Tuesday, 8 September 2009


In Lympstone at the water’s edge stands a clock tower with a pyramidal roof, a pint-sized version of Saint Stephen’s tower at the Houses of Parliament, and on top of the pyramid is a weather vane in the form of an arrow. When there is no wind five young starlings come to perch on this vane, from time to time they balance on only one leg each. These contented birds might be said to be demonstrating to the world sufficient evidence of calm on the Estuary. But perhaps not! Come to think of it, as tipsters, these five starlings should not be relied on. They have been known to deceive the innocent sailor and keep him at home on a tide when he could be winging up and down the river like a fiddler’s elbow for there is many a time that a fine breeze is waiting out in the channels that does not make itself known in Lympstone’s cove.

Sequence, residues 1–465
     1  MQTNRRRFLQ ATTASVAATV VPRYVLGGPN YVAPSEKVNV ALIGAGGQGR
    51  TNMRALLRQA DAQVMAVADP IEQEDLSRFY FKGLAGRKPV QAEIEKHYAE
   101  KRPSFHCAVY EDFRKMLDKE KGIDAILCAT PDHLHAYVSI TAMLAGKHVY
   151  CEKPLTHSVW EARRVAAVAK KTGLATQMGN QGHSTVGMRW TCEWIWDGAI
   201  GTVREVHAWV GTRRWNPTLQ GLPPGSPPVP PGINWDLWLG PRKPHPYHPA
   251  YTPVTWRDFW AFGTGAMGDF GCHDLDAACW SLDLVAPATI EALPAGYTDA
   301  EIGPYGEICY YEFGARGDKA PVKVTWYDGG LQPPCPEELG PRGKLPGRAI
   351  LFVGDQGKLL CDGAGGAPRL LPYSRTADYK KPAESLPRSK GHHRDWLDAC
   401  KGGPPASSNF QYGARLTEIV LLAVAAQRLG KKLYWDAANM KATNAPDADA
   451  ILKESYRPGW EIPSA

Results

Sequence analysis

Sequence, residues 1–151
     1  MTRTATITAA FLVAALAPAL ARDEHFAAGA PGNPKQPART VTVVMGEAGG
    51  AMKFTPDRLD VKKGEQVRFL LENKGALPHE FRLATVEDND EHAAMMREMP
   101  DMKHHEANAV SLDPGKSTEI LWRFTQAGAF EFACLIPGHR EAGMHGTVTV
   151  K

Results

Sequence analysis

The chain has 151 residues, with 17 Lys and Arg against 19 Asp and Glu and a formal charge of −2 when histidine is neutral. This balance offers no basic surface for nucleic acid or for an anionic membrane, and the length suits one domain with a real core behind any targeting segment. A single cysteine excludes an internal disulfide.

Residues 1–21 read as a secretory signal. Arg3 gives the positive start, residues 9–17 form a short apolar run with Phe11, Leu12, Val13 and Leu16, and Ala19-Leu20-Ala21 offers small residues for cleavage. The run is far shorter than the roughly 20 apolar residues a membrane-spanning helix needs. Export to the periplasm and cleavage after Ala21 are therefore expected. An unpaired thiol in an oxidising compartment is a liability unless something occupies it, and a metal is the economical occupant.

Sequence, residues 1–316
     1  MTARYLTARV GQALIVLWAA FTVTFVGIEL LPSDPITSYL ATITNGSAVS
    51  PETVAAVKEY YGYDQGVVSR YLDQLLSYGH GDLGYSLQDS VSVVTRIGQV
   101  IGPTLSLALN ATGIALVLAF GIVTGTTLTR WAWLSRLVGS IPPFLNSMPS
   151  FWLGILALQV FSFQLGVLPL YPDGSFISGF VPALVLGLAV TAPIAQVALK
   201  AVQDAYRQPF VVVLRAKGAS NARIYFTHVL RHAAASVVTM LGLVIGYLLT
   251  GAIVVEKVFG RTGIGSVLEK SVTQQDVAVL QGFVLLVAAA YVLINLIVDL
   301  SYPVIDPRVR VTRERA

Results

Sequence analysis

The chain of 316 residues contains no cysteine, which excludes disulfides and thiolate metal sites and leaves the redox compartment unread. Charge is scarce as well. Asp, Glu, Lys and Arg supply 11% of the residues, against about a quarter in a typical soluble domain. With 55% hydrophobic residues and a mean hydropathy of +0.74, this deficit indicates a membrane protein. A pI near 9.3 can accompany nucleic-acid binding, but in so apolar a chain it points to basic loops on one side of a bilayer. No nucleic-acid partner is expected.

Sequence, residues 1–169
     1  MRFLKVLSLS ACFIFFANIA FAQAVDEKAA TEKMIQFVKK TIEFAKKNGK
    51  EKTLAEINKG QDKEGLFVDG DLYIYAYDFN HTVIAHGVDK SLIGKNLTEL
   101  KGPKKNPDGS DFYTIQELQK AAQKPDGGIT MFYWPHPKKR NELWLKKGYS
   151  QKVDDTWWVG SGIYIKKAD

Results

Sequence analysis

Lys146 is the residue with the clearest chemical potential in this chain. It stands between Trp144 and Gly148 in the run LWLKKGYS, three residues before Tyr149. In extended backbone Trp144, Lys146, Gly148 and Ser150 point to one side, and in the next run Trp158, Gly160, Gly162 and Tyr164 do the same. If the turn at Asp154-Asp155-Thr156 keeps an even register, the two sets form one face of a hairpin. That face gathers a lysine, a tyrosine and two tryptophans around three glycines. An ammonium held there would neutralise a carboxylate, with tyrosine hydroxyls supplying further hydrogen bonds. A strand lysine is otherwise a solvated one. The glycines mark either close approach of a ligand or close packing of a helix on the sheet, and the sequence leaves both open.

The surface of the water is a much better indicator. The tides flood and ebb but they hardly ruffle the water. The slightest breeze does so. In a true calm the waters are a mirror to the sky, a pewter mirror to a cloudy sky, a silver mirror to a sunny sky, a star spangled mirror to a clear night sky.

Calm at sea has a bad reputation and a ghostly feel about it. Was calm not the albatross’s revenge? It can’t have been much fun to be trapped aboard a painted ship upon a painted ocean and in the great days of sail a prolonged calm was understandably dreaded by all ancient mariners and whistlers for winds. There is a boatman in a Goethe poem who is also somewhat perturbed by an awesome Meeresstille. (my translation)

Stillness reigns upon the waters.
Nothing stirs. The sea is calm.
His boat as still as death, the skipper
Gazes ’round him in alarm.

On every side a fearful silence.
No single breath from any quarter
And far as eye can see no wavelet
Frets the surface of the water.

Tomorrow: still becalmed!

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